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How to Load and Tie Down a Kayak on a Roof Rack by Yourself

Learn how to strap a kayak to a roof rack by yourself and prevent costly mishaps in our step-by-step guide.

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Did you know most kayak damage happens during transport? It’s an ironic and unfortunate truth that your kayak is most vulnerable when it’s out of the water. This makes learning how to tie down a kayak an essential skill for every kayaker.

This article will guide you step-by-step through the process of securing your kayak to a roof rack, ensuring that it stays safe and undamaged.

What You’ll Need to Tie Down Your Kayak

Before we delve into the step-by-step guide, let’s make sure you have all the necessary equipment:

  • Crossbars: These are horizontal bars that go across your vehicle’s roof. Crossbars attach to the factory-installed rails that run from the front to the back of your car. If your vehicle doesn’t have factory-installed rails, you can find suitable options in our guide to the best kayak racks for cars without rails.
  • Kayak Carrier or Padding: When it comes to choosing a kayak carrier, there are several options available, and the right one for you depends on a couple factors, such as the number of kayaks you intend to transport and your desired level of convenience. Foam blocks or crossbar pads are cost-effective and provide a secure, cushioned surface for your kayak. However, for multiple kayaks or more frequent transportation, a dedicated kayak carrier, such as J-cradles or saddle-style mounts, might be more suitable.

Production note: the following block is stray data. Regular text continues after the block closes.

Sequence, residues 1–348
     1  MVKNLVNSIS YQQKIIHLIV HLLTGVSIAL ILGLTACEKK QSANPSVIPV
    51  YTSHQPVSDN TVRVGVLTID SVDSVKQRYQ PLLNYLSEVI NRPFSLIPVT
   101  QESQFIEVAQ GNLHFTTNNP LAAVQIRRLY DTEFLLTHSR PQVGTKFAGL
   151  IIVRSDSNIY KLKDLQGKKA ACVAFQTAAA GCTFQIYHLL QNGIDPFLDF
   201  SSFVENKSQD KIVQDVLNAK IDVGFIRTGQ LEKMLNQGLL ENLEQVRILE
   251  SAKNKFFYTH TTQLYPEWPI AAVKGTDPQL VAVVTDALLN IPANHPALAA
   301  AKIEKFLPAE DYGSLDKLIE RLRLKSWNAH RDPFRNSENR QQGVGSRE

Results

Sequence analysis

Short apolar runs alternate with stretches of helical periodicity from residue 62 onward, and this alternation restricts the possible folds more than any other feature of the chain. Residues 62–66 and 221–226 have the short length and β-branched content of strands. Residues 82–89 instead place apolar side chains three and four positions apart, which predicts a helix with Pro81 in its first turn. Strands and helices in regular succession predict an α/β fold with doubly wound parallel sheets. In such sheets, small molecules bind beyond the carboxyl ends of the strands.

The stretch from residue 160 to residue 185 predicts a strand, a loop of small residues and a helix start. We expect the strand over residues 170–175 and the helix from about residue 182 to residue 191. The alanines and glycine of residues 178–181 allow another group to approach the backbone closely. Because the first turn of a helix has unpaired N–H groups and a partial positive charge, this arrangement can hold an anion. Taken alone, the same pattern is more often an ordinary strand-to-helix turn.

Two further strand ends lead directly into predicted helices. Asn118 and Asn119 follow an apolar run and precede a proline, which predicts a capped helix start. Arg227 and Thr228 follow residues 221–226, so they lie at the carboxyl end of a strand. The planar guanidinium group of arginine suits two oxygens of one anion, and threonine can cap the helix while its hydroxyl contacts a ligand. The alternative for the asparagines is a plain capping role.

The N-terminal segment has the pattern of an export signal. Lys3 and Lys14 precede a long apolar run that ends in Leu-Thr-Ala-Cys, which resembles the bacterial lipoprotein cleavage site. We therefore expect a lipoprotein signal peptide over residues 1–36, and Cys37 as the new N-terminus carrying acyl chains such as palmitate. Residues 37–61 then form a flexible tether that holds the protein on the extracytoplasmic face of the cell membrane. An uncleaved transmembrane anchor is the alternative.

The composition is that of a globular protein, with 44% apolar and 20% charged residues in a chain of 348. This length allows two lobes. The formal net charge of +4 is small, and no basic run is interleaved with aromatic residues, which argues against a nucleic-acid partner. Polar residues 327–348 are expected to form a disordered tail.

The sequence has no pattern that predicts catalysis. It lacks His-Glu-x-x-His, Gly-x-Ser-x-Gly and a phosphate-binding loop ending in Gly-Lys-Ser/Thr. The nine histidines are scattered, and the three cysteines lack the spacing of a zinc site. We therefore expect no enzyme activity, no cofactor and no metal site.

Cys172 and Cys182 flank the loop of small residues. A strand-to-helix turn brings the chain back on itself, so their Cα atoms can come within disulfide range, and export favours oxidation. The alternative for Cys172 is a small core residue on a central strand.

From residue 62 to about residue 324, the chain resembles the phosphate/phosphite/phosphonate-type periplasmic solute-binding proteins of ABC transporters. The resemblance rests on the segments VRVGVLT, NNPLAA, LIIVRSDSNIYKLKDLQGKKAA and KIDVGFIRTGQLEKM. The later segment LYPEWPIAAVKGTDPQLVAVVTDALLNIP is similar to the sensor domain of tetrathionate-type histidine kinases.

• Cam Straps: It’s crucial to avoid ratchet straps, as they can exert excessive pressure and potentially damage your kayak. Instead, opt for cam buckle straps, which provide the right amount of tension without risking damage. Get straps that are at least 12 feet long, as this extra length makes it easier to swing the entire strap over the kayak when tying it down.
  • Bow and Stern Lines: These lines secure your kayak’s front (bow) and rear (stern), preventing wind from lifting it while driving. While non-stretch, water-resistant rope is suitable, ratcheting lines can make the job quicker and easier.
  • Hood Loops: If your vehicle lacks a suitable attachment point for the bow and stern lines, hood loops are an excellent alternative. They can be easily installed and provide a secure tie-down point.
  • Protective Cushion: A gear bag, bath mat, towel, or blanket can act as a protective barrier when loading your kayak onto a roof rack. Additionally, they can cushion your kayak when it’s placed on the ground.

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